“I would say before [my first] deployment, I was more of a negative person,” said Bagley, who enlisted with parental consent during his senior year at Cass High School. “I would get upset about things that probably were miniscule. After seeing the bigger picture, I really value human life a lot more and I realize a lot of the problems we have here aren’t that bad because [conditions in Afghanistan] ... [are] awful and they still maintain a positive attitude. And I really feel like here, we take for granted a lot of things.
“The Afghans, they live in poverty. Half the kids don’t get to go to school but we brought infrastructure to them. We’ve brought indoor plumbing to them, paved the streets, put street lights out, opened schools, started irrigation. It’s really improved their quality of life and to me that’s worth it. It really feels like being a part of something much bigger than yourself. I feel like I’ve made my mark. I’ve helped them build something for themselves. Twenty years from now when Afghanistan is on its own two feet, I can say I played a role in that. And a lot of those kids, I’m sure I’ve made an impression on. A lot of those kids, they are 8 and 9 years old. As long as they’ve been alive, we’ve been there. So they’ve always known us. They don’t know an Afghanistan without us. So I just hope that once we transition out [of Afghanistan] they can continue to grow.”
Serving as a combat medic, Bagley saw various levels of danger in Afghanistan when the 48th Infantry Brigade Combat Team was activated from early 2009 to March 2010. The sergeant’s duties ranged from training Afghan medics to conducting foot patrols in villages to working in a troop medical center.
“Just because you’re deployed to Afghanistan doesn’t mean you’re in the face of the enemy,” said Bagley, who will return to Afghanistan in late 2013 to serve about a year. “When I first got there I was just training medics to go forward. So the first few months, it was relatively quiet. Then toward the middle of it, when the summertime came around, the voting season started and I was actually out there, walking the villages. It was pretty dangerous. That’s where I got most of my experience and that’s where a lot of our guys unfortunately didn’t make it back.
“Then after that, again, it calmed down. I was in the medical center. We would work on Afghan injuries. They’d bring them to us. Some areas there’s isolated pockets of extreme violence. It’s kind of the luck of the draw of where you are and your job. Like our intelligence analysts, they [spend] most of their time indoors. Unfortunately, being a medic you’re everywhere. You might be in a hospital or you might be out there with the guys, who knows.”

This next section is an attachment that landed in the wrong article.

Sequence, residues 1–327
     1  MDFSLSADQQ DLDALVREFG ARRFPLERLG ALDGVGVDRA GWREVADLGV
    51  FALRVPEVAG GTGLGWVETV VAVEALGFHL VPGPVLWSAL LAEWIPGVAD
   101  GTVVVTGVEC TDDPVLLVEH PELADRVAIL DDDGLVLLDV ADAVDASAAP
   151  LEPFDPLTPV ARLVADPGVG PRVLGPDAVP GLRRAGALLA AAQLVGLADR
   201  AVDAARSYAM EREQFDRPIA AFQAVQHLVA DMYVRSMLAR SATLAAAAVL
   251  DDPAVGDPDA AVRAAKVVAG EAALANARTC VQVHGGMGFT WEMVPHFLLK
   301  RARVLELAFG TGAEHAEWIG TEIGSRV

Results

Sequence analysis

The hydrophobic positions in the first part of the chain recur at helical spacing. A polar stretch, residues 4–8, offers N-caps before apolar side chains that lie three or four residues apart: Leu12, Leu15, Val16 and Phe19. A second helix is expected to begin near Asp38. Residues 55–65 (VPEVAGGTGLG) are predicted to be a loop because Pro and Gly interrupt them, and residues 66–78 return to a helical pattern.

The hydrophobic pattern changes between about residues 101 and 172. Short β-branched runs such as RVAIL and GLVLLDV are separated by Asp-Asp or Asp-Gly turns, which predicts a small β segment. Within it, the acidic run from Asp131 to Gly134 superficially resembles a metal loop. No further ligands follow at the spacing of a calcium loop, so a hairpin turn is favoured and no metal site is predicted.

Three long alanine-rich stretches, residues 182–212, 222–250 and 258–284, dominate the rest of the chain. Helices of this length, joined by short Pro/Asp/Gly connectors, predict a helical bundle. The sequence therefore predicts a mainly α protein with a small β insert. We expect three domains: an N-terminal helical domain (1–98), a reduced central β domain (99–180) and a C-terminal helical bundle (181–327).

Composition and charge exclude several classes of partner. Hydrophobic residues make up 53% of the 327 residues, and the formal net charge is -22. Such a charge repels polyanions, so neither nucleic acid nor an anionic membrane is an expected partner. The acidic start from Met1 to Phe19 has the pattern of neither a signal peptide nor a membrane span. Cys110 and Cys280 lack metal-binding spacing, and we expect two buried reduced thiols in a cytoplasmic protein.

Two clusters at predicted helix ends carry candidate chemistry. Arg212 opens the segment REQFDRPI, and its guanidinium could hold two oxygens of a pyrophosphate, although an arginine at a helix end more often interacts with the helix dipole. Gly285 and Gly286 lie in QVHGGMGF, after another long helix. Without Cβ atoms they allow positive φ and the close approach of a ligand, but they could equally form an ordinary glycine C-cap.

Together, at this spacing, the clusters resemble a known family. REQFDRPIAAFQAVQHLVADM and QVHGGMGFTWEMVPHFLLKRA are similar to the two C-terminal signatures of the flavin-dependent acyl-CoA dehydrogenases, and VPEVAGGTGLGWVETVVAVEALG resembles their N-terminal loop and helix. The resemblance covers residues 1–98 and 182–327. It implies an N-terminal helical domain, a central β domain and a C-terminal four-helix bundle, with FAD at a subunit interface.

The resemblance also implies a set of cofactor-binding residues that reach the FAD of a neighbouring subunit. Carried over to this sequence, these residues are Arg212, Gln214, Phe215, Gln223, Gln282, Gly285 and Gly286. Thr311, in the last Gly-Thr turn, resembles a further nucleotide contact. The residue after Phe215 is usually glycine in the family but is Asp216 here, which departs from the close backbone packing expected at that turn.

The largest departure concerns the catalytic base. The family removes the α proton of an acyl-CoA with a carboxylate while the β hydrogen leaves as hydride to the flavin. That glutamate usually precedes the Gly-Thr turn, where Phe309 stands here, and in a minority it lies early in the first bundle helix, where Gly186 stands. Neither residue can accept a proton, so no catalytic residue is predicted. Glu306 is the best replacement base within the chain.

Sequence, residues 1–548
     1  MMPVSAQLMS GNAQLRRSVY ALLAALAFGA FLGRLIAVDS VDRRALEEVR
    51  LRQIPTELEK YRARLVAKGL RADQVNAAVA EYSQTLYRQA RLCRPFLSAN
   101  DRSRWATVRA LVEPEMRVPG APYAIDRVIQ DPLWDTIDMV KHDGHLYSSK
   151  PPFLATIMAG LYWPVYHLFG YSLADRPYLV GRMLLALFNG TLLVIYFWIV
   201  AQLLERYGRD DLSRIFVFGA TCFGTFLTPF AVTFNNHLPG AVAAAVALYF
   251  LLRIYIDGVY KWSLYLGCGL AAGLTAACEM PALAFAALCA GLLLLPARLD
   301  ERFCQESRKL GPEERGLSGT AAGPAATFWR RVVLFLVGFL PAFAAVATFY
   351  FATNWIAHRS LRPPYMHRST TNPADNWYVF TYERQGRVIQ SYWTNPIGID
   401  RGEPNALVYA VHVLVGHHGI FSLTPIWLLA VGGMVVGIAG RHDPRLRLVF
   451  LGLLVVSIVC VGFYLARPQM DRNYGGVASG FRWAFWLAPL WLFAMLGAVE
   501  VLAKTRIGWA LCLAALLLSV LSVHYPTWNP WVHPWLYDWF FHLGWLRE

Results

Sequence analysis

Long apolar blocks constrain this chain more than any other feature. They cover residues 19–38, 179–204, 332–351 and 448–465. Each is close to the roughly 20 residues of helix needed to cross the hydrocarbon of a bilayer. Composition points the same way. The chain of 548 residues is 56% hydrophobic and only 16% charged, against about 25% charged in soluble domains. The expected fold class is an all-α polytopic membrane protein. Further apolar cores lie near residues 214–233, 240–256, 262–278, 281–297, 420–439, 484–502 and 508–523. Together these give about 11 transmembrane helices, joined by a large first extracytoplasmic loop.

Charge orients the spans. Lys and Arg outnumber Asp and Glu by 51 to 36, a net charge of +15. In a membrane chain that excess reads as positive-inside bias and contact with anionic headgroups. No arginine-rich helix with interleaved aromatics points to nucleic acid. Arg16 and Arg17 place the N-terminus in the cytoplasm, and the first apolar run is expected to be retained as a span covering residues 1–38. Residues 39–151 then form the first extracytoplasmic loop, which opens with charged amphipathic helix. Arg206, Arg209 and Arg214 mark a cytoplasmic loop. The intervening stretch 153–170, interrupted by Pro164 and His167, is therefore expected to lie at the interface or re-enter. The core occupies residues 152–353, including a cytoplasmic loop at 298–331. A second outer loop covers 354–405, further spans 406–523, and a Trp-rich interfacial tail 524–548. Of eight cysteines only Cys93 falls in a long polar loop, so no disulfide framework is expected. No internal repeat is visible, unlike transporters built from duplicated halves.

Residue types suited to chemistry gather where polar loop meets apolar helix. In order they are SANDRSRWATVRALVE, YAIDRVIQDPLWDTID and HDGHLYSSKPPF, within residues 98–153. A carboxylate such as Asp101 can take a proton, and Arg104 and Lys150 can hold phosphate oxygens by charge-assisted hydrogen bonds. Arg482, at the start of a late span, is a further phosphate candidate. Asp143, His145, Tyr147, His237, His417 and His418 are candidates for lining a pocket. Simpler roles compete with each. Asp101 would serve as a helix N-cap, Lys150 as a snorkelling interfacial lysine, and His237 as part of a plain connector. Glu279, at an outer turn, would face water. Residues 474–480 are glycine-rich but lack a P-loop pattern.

Currently an EMT at the Cartersville Medical Center, Bagley is using the skills he learned from the Army to benefit his community. In the center’s emergency department, Bagley performs numerous tasks, such as transporting patients, starting intravenous access, securing orthopedic splints and assisting during codes when a person is having a heart attack.
“As far as emergency medicine goes, I’m drawn to it because I feel like not everybody’s cut out for it and that I just fit into it well,” said Bagley, who also is studying to be a physician’s assistant at Georgia Highlands College. “My personality fits it. My skill set fits it. The Army’s trained me well and I feel like I’d be doing a disservice to the community if I chose to do something else that I didn’t really love. I just enjoy it so much. Every day is just so different. You don’t come to work 9 to 5 and look at the same screen every day.”
Serving alongside several of his former classmates, Bagley referred to the 48th Infantry Brigade Combat Team, especially his 1-108th Cavalry Squadron in Calhoun, as a family.
“The majority of my friends at the high school, they were in [the ROTC program] too and the majority of them joined in the unit after that and the majority of them I deployed with,” said Bagley, who has a 5-year-old son, Jacsen. “So it’s kind of been a community thing. That’s the thing about the guard, is that it’s people from your community and you move together. So a lot of the guys I went to high school with, I went to Afghanistan with. We still deploy together.”
According to the most recent data from the U.S. Department of Veterans Affairs, Bagley is one of about 7,842 veterans residing in Bartow County. With Veterans Day a week away, Robert Turner — senior veterans field service officer for the Georgia Department of Veterans Service in Cartersville — urges the community to show their support by attending observations throughout the county.
“It makes them realize that all the hard work or sacrifice that they may have endured was not wasted,” Turner said. “And they understand that people recognize their hard work and their sacrifice because some of them lost family members while they were in the service, some of them were injured while they were in the service.
“Sometimes you have some widows that appreciate people coming to these because they lost their husband in the war or they lost their son in the war. That’s the main thing, is they realize people appreciate their hard work and their pain and their sacrifice.”
For Bagley, Veterans Day is a time to reflect on fallen soldiers and connect with fellow service men and women.
“[On Veterans Day] I usually visit the graves of a couple of guys that I know that were killed in Afghanistan and sometimes I’ll watch the Veterans Day Parade or something like that,” Bagley said. “Less than 1 percent of the whole nation serves in the military. We’re a very small percentage. We cover the other 99 percent.
“Veterans Day is all about brotherhood. We have each others’ backs. It doesn’t matter how old you are or which conflicts you were in, we watch over each other. Veterans Day is just a day to observe the sacrifice we give with each other.”